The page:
# createuser osm
Next, we’ll create a new UTF-8 encoded data base named gis that belongs to our new user .
# createdb -E UTF8 -O osm gis
We’ll set osm as the owner of this new database:
# psql -c "ALTER TABLE spatial_ref_sys OWNER TO osm;" -d gis
Now, we need to create and enable two extensions four our newly created database:
# psql -c "CREATE EXTENSION postgis;" -d gis # psql -c "CREATE EXTENSION hstore;" -d gis
We’re done with the new osm user for now:
Now, we’re adding another system user called osm:
# adduser osm
Now, we need to clone the https://github.com/gravitystorm/openstreetmap-carto repository, as that contains styles and transformation scripts we need for the database import.
# git clone https://github.com/gravitystorm/openstreetmap-carto.git
Next, we need to download a *.pbf file for import. They’re available at http://download.geofabrik.de/ .
Example for the whole planet:
# wget -c http://planet.openstreetmap.org/pbf/planet-latest.osm.pbf
Now, we can actually import our data:
# osm2pgsql --slim -d gis --hstore --multi-geometry --number-processes 2 --tag-transform-script /home/osm/openstreetmap-carto/openstreetmap-carto.lua --style /home/osm/openstreetmap-carto/openstreetmap-carto.style -C 12000 planet-latest.osm.pbf
The -C option should match the amount of RAM on your PC/virtual machine, while the –number-processes option should match the amount of cores you have available. Depending on the size of your pbf file, the import can take a very long time. On my virtual machine with 32 GB RAM, 1 core and a 1 TB SSD, the import took around 47 hours. Your mileage might vary.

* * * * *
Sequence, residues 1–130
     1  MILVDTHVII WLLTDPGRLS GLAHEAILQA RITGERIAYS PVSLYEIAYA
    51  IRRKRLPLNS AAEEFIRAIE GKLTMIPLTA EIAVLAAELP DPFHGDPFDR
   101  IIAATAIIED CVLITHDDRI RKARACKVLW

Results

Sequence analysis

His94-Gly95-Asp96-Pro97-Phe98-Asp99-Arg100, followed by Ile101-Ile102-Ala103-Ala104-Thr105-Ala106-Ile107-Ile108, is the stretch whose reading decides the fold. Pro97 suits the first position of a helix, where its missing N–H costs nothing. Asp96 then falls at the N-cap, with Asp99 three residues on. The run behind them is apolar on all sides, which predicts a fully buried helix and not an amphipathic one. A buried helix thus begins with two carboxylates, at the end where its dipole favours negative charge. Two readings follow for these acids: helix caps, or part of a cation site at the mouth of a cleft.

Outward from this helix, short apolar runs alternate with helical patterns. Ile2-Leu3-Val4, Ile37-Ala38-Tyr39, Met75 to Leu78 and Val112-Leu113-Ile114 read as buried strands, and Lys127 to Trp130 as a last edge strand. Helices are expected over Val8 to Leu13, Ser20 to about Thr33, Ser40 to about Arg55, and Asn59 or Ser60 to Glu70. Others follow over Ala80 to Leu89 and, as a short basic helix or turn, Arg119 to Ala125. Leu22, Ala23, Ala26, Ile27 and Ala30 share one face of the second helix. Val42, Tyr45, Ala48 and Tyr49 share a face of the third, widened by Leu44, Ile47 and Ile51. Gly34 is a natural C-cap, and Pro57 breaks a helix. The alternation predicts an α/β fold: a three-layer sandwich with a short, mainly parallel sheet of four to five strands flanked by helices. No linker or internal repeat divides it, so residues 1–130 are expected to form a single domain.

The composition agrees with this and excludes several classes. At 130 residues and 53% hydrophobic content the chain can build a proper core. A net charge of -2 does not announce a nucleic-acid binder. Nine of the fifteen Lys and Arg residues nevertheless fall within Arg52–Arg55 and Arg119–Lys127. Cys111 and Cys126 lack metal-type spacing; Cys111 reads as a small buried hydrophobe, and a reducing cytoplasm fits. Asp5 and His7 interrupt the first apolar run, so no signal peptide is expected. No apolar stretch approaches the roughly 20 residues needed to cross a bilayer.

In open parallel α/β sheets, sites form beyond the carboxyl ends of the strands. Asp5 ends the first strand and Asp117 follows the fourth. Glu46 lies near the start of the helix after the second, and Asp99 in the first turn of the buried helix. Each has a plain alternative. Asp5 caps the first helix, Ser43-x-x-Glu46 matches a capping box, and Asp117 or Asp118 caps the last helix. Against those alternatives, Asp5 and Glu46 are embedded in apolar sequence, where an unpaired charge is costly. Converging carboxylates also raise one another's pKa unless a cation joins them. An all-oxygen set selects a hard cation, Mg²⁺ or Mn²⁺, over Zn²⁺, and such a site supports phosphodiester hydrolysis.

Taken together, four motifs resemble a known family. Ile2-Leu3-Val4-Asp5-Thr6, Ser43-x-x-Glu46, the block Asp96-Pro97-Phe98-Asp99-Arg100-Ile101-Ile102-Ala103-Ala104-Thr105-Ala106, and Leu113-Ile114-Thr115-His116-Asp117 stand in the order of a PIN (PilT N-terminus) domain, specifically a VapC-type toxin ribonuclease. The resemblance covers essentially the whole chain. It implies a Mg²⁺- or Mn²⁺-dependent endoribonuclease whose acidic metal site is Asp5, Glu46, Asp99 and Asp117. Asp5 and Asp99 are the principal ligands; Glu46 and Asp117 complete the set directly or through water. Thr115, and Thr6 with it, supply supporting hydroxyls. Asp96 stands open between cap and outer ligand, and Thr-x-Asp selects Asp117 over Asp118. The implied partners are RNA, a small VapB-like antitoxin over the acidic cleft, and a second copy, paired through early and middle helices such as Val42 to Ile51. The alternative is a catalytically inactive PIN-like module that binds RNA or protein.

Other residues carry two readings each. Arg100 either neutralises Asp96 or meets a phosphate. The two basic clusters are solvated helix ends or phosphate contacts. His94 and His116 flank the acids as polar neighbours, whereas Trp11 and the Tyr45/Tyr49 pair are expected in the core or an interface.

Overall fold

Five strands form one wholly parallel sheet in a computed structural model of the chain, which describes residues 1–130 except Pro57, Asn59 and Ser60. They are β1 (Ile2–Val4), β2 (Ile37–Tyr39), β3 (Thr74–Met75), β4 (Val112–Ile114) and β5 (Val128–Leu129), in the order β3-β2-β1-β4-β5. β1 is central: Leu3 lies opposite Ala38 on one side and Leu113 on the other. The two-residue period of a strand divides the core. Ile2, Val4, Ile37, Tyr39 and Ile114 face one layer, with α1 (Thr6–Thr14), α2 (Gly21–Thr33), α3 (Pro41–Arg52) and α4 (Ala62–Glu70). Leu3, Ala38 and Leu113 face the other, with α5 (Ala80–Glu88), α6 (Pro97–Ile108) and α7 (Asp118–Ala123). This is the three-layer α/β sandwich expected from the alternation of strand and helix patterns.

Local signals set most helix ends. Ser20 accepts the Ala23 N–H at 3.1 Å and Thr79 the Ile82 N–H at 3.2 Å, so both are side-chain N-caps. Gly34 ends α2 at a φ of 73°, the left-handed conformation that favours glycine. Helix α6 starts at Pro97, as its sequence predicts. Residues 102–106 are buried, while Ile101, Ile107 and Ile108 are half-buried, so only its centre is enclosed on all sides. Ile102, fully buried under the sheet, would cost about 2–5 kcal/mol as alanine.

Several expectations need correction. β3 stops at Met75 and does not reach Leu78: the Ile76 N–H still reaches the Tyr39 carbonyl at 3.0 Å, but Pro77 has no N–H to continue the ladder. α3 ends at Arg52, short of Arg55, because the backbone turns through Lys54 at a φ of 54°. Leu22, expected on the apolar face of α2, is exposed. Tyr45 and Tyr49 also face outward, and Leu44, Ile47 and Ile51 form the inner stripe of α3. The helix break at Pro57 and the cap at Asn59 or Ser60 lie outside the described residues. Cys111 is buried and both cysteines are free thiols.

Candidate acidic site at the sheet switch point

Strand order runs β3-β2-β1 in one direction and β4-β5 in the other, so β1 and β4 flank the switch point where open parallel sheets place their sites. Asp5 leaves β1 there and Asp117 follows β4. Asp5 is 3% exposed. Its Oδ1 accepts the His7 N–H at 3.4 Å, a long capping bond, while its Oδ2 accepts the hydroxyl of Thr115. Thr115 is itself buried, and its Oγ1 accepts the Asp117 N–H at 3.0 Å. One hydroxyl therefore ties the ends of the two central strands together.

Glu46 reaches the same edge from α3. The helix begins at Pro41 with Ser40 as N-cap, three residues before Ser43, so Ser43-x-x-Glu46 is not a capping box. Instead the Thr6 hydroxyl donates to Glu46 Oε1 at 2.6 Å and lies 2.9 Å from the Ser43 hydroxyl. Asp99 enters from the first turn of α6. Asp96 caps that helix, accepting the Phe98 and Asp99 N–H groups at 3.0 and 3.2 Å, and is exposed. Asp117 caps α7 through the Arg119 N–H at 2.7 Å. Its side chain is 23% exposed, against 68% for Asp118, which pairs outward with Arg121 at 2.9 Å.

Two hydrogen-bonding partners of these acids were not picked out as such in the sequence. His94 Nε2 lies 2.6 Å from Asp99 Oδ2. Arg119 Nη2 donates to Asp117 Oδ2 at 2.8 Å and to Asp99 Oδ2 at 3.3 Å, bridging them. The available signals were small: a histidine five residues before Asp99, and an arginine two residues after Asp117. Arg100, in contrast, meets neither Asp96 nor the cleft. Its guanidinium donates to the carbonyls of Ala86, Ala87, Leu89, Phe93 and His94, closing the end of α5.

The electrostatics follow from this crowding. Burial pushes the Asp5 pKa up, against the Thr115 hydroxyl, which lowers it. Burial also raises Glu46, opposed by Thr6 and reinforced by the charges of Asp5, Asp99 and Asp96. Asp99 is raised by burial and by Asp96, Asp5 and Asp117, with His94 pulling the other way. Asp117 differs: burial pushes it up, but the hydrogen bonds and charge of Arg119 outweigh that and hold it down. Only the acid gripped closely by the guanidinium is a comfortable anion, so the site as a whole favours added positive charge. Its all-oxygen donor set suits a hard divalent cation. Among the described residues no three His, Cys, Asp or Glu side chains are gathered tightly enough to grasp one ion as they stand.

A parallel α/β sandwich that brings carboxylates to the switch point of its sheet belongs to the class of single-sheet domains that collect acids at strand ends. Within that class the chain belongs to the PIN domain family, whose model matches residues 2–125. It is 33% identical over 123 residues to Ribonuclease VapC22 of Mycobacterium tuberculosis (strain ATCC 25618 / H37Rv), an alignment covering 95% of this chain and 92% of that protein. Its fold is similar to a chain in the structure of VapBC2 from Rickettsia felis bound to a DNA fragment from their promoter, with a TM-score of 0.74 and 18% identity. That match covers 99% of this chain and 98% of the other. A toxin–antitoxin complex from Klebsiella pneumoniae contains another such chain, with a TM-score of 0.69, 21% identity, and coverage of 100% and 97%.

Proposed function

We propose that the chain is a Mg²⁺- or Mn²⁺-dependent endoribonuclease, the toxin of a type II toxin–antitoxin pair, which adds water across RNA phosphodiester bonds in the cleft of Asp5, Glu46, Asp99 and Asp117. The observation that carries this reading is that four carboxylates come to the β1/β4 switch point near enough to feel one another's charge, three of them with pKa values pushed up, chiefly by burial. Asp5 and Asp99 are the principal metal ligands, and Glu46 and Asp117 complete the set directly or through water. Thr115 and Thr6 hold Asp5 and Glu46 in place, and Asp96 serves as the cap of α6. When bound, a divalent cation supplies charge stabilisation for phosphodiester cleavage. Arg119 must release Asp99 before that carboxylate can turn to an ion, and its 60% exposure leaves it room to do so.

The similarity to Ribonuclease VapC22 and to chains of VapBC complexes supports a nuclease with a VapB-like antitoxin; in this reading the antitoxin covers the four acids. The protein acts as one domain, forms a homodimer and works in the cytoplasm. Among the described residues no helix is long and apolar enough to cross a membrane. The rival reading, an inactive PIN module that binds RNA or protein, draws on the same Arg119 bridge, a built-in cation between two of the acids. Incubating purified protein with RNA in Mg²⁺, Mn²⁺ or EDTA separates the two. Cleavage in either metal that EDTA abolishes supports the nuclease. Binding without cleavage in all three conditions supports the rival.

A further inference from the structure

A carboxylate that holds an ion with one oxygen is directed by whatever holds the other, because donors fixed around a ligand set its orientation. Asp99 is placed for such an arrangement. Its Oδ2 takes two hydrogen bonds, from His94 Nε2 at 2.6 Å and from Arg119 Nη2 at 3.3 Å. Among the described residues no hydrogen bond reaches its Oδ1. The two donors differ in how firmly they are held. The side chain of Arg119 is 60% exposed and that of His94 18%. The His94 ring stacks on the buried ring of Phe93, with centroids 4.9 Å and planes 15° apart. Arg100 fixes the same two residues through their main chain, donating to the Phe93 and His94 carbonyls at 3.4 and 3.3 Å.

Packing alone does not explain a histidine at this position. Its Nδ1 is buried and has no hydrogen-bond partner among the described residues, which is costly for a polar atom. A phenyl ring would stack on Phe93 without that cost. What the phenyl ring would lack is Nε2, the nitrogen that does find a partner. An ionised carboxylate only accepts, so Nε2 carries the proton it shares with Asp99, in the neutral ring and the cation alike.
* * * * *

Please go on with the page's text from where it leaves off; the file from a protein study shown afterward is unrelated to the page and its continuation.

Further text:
Since this takes so long, it’s highly recommended to run osm2pgsql in a tmux session if you’re connected to your future map server remotely. Then you can detach from your session and ensure that your import process won’t stop when your ssh session is disrupted for whatever reason.
We now need to switch back to the osm user and cd into the directory where we cloned openstreetmap-carto to. There we need to run
This script will load shapefiles from the internet. Shapefiles are another format in which we can store geodata.
Then, we’ll use carto that we installed earlier through npm to convert our project.mml file to a style file for mapnik.
# carto project.mml > style.xml
This usually yields a lot of warnings, but they can safely be ignored. Now, it’s time to configure renderd.
# vim /etc/renderd.conf
num_threads should match the number of cores on your mapserver. plugins_dir should be /usr/lib/mapnik/3.0/input XML should match the style file we generated earlier through carto.
Save and close the file. Now edit the init script /etc/init.d/renderd
# vim /etc/init.d/renderd
RUNASUSER should be set to osm.
Then, change the permissions of the mod_tile folder:
# sudo chown osm:osm /var/lib/mod_tile/ -R
Reload the daemon on disk and restart renderd:
# systemctl daemon-reload # systemctl start renderd
If you browse to http:/yourhost/osm/slippymap.html and select local tiles, you should be able to see a map of your imported *.pbf.